Stats don't tell the whole story of Washington Redskins running back Alfred Morris' 2013 campaign.
Third in the NFL in rushing yards (825) and on pace to finish the season averaging more than 5.0 yards per carry, the second-year running back is breaking tackles and churning out extra yardage with a never-say-die attitude.
While other backs succumb to gang tackles, the Redskins' single season franchise leader sees situations like that as a challenge.
He refuses to let one player take him down.
"When I've got the ball in my hands, it's like, 'Get as much as you can.' I refuse to let one person tackle me. 'It's going to take a gang of you guys to tackle me,'" Morris told ESPN980. "That's just my mindset. Each play is my last play and that's the way that I look at it and I try to do as much as I can on that one play.
"If you watch a lot of players who go down pretty fast, watch their legs. First thing [that] stops is their legs. If you don't have your legs [moving], you're not going anywhere."
Several times this season Morris has been in the sights of a defender nearly twice his size, ready to take him down for negative yardage.
Instead, with a downhill running style football purists crave, Morris sheds would-be tackles for positive gain.
It's a credit to his offseason focus on improving his strength in both his upper and lower body.
"I love my lower body but you try to balance it out," Morris told Redskins.com. "You don't want to overwork and be like some of those people who walk around the gym [and] their real big up top [but not down below.
"Some people do upper body and lower body workouts in the same day. I prefer doing lower one day, upper the second [day]."
He's also made improving his cardio a point of emphasis.
Admitting he doesn't have world-class speed, nor will he ever be in the discussion for the most muscle-bound at his position, Morris relies on superior cardio to wear down opponents.
"A lot of people don't realize how much energy it takes to run over somebody or drag somebody for an extra three, four, five yards," Morris said of his workload. "It's really tiring but it's something I pride myself in, my cardio.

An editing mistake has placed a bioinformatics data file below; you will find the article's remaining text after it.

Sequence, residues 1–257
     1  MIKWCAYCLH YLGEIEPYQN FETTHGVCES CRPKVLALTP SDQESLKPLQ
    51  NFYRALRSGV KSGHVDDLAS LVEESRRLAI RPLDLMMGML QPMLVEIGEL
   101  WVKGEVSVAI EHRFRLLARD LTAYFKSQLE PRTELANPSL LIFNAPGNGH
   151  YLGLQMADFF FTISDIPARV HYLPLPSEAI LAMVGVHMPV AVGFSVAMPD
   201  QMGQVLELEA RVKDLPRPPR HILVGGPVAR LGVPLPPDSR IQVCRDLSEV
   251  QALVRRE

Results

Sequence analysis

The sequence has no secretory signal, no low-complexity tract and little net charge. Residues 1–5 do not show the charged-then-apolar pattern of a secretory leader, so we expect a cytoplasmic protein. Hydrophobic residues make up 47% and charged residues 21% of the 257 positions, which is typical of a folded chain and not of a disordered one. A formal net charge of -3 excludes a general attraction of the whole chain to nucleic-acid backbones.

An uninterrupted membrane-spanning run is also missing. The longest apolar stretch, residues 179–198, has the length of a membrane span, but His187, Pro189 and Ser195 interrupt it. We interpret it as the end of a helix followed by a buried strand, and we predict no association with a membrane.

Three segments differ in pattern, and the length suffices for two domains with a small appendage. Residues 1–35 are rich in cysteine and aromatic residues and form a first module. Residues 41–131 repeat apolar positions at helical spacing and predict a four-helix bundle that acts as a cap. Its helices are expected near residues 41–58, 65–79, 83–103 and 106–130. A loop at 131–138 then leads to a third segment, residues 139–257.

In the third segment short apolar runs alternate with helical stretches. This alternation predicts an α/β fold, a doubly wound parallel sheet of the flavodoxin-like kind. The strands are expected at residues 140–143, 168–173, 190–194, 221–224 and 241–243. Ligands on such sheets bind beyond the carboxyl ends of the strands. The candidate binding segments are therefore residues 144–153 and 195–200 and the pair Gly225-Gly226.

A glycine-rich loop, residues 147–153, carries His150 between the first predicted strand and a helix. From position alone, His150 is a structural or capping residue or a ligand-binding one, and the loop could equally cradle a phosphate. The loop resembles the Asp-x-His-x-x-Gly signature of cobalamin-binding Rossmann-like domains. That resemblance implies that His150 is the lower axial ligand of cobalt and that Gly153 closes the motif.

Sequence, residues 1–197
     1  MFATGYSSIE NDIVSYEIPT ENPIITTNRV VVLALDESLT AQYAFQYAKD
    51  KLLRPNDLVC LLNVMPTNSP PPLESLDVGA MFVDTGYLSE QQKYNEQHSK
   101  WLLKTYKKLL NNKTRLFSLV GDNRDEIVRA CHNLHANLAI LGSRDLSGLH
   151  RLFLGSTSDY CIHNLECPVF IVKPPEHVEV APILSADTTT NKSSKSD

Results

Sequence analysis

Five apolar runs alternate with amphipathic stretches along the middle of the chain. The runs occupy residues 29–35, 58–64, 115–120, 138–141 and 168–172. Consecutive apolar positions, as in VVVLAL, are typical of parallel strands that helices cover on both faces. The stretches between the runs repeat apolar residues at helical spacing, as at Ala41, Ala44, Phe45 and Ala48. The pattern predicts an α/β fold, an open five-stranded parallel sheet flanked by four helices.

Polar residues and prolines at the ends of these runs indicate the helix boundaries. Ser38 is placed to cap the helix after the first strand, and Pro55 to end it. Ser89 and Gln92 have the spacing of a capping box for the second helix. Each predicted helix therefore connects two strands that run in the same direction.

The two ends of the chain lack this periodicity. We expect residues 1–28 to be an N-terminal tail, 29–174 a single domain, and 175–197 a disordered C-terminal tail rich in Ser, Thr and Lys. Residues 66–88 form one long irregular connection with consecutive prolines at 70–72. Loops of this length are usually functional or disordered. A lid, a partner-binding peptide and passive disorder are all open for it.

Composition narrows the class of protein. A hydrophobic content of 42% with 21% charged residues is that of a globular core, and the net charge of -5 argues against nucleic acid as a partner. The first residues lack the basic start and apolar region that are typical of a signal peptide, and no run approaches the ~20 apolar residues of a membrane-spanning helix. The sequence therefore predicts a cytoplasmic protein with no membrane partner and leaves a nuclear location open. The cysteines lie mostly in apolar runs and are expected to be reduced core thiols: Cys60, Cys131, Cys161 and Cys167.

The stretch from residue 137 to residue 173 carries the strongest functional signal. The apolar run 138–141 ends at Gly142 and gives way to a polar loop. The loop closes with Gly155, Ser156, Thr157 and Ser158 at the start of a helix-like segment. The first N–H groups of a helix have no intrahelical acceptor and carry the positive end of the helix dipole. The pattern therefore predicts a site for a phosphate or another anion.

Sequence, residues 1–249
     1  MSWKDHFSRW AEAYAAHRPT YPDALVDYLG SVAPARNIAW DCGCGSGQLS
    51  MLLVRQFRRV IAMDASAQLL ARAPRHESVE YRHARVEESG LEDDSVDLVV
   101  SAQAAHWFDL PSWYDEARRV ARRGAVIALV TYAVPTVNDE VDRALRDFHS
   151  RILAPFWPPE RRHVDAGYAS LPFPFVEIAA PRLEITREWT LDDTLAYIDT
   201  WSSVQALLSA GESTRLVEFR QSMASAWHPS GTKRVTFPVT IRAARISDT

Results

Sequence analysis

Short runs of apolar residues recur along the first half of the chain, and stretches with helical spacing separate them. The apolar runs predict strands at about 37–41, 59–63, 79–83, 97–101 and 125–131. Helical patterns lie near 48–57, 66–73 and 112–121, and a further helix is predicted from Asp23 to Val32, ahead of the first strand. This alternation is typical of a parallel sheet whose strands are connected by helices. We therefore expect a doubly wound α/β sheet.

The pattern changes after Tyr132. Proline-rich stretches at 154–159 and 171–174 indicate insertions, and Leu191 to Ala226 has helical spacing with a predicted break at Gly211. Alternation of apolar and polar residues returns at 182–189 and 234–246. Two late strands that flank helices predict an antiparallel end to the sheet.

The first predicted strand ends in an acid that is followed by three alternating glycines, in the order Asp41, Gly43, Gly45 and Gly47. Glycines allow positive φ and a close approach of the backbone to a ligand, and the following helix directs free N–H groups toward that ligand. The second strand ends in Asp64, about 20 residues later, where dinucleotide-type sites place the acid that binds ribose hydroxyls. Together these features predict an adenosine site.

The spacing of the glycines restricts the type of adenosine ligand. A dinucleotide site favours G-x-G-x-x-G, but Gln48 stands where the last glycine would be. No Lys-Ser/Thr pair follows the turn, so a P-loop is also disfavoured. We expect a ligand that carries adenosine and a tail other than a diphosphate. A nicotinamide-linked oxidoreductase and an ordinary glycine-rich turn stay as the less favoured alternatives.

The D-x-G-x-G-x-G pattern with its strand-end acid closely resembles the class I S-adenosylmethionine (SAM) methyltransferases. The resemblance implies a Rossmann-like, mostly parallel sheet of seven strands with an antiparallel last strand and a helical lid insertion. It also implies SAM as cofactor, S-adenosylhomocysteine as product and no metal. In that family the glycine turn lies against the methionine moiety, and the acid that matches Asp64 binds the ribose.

"I really try to make sure that I'm in better shape than any and everybody else because I'm not the biggest, fastest or strongest guy but at time same time, I can outlast you."
It's no surprise that this benefits the Redskins, who are 10-2 in a dozen career games where Morris gets at least 20 carries.
"We believe in the running game and we always want to have a great game plan," head coach Mike Shanahan said. "Usually teams that can run the football have a lot of success. We will always have that philosophy.
"Morris wants to carry the ball as many times as you'll give it to him. He wants to help the football team win."
While his body may not be as willing in the fourth quarter, Alfred's determination is as strong as ever and often tips the scales.
"No matter how big, fast or strong you are, if you can't outlast through a whole complete four quarters and sometimes overtime, there's no way you're going to be able to beat me," he said with a smile.
With an identical record at this point of the season as last year, the Redskins have an uphill climb to achieve the franchise's first back-to-back division titles in 29 years.
Last season the team came fast out of the gates following the bye week, led by a quick-strike offensive attack catered to the running back.
During the seven-game winning streak, Morris recorded 820 yards and eight touchdowns on the ground. In the season finale against the Dallas Cowboys, with a playoff berth on the line, the rookie had a career day with 200 yards and three touchdowns.
Performing more like a fresh back off the bench rather than one who entered the game with 302 carries, Morris' closed on the magical season with a bang.
The Redskins find themselves in the same situation (3-6) after nine games this year as last year. But only two games out of first place and with four division games to go, the Redskins control their own destiny.
Morris said it is time for the Redskins to prove their muster once again.
"We still have life in our division and our hope getting into the post season is still there [within] grasp," Morris said. "It's going to take like last year one game at a time. We kind of find ourselves in the same situation as last year [and] not keep dwelling over that because that's been over.
"It hurts because the year before not much was expected of us. Now coming off the season we had last year much more was expected of us so the adversity seemed that much burdensome then the year before, but times like this are when character is defined and find out who you really are as a team [and] even as a teammate.
"We've got seven games ahead of us and we're going to take each one of them one game at a time."